The problem with roots-rockers is that, when in doubt, they jam.
After Marah's breakthrough with the wide-screen E Street fantasia Kids in Philly and subsequent major-label bust with Float Away With the Friday Night Gods, the band stopped trying to be famous and has reverted to rallying communal authenticity: The ephemeral new Life Is a Problem is full of harmonica hoedowns, field recordings, distant campfires, and even bagpipes. The title tune still rocks the castanets from "Round Eye Blues." The jams are harmless, the songs are transient.
The competition for tight-wound E Street imitations is stiff right now: the Hold Steady, the Gaslight Anthem, Against Me!'s underrated new opus, White Crosses. Marah is a lot more like Southside Johnny's Asbury Jukes anyway: fewer stories, more feel. For its members' annual Christmas stop at the World Cafe on Sunday, they felt downright muddy.
With harmonica/guitar player Serge Bielanko departed, his brother David gargled over a raw, basic version of Marah (abetted by opener and longtime collaborator Mike "Slo-Mo" Brenner) through riffage that occasionally and strangely recalled Aerosmith. Less surprising were straight-up covers of "Baby It's Cold Outside" and the Pogues-penned "Fairytale of New York," the show highlight, sung by second-billed Jesse Malin in a duet with colorfully dressed keyboardist Christine Smith.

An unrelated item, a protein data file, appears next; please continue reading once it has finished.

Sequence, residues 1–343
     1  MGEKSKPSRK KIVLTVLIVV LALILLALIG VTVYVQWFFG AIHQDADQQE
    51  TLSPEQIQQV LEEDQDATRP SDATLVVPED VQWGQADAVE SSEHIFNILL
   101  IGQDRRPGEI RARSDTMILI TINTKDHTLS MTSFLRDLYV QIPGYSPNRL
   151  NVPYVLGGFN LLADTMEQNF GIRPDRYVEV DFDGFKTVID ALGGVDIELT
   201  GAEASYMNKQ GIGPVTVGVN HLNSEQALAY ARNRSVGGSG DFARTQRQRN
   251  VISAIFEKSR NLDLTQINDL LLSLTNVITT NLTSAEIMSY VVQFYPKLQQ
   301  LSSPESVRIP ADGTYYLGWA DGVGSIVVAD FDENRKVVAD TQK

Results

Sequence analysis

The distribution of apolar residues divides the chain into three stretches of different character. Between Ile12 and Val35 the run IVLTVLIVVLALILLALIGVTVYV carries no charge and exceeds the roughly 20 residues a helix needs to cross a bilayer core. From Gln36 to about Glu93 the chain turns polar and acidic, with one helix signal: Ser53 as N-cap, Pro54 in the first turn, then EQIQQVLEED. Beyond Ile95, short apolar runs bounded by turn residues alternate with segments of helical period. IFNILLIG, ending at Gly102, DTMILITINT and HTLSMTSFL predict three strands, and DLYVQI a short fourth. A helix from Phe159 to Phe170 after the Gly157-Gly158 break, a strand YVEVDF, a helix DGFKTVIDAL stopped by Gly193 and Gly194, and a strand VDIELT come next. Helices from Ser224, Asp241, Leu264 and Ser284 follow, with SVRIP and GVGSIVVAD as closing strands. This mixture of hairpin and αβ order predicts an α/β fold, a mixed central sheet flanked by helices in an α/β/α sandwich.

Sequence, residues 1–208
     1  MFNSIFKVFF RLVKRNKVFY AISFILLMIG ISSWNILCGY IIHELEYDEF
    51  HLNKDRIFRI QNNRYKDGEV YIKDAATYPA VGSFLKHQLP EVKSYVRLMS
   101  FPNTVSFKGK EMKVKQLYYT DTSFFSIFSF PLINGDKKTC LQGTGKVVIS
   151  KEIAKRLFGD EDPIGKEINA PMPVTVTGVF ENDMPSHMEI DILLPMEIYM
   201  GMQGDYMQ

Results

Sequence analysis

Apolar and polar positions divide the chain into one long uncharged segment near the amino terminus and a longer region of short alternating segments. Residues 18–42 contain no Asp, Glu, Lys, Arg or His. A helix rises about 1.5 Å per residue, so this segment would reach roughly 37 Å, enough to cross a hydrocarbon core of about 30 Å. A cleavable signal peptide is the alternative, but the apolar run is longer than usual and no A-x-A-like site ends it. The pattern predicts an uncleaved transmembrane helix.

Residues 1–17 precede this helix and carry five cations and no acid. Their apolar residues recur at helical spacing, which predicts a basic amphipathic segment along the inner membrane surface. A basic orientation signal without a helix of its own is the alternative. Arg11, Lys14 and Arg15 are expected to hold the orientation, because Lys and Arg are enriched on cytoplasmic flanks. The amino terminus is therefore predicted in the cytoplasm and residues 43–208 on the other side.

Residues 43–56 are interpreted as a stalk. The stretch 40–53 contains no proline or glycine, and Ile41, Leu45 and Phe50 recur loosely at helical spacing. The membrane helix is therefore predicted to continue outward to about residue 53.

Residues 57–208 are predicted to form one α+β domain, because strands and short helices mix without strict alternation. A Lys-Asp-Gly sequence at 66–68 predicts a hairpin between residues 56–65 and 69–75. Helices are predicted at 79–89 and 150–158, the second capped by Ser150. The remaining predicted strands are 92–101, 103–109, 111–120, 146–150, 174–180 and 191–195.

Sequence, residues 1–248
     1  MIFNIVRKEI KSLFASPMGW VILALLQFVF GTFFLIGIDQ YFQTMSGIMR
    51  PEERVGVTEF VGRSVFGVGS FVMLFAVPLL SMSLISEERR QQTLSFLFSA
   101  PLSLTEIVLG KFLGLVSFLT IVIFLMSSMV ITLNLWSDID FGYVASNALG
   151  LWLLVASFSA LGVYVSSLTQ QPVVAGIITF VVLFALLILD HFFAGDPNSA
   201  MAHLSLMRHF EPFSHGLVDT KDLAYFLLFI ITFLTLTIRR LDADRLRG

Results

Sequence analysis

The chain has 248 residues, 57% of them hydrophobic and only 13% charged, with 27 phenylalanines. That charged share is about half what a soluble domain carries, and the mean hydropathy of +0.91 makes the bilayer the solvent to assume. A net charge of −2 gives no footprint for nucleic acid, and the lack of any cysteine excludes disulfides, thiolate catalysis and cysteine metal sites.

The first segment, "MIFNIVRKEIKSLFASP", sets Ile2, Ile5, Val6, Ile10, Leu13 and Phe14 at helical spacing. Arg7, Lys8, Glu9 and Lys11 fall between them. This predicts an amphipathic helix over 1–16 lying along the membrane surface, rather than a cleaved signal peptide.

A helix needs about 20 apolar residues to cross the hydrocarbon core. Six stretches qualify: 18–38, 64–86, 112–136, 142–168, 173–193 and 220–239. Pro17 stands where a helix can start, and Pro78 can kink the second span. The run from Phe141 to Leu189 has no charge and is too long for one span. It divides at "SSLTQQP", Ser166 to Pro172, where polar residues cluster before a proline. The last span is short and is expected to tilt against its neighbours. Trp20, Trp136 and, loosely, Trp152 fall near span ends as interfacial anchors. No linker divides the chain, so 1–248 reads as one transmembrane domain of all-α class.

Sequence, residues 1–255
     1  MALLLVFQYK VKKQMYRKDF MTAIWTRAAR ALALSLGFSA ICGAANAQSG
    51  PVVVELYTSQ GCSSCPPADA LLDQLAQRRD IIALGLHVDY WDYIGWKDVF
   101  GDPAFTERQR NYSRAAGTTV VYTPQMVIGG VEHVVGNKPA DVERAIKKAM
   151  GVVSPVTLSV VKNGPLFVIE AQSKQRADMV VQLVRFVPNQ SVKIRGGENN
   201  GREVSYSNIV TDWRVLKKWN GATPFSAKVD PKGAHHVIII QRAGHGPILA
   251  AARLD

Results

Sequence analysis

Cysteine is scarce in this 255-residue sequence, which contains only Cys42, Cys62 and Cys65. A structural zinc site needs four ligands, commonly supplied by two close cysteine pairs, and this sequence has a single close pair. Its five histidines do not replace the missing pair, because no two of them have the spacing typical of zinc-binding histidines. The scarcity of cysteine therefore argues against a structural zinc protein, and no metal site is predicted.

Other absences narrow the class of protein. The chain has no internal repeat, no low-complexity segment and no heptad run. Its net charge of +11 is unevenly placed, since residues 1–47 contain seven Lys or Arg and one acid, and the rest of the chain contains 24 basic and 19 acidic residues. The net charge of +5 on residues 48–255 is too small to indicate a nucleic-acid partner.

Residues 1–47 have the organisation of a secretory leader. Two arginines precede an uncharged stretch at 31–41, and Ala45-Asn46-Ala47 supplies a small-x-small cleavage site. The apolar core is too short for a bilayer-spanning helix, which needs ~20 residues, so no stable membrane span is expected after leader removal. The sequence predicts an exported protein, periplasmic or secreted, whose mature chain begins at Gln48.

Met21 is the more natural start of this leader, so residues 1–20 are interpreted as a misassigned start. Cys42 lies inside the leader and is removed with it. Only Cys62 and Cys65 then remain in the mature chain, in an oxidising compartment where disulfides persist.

Malin's former band D Generation, with its New York Dolls-inspired "Helpless" and Ryan Adams-produced Fine Art of Self-Destruction in 2002, were early peaks in a still lively, unsure, power-pop career. His current band, the St. Marks Social, tore through a fine, brisk opening set between yarns about Glaswegian epithets for homosexual and trespassing on J.D. Salinger's property. The pure woo-chorus sugar of this year's "All the Way from Moscow" began an excellent finale, where Malin sat on the floor with the crowd to finish the power ballad "Solitaire," question aloud whether he's alt-country, and share his father's fashion critiques from his punk days ("In those shoes you look like Rain Man or some orthopedic retard!"). That was followed by the greatest band introductions I've heard in my life. On drummer Ty Smith: "He doesn't have cameras in his bathroom, as far I know."
Malin's got the charm, and songwise he's about halfway there; he should listen to Rhett Miller's (Old 97's) solo albums and plug a similar clarity into his Dolls attack.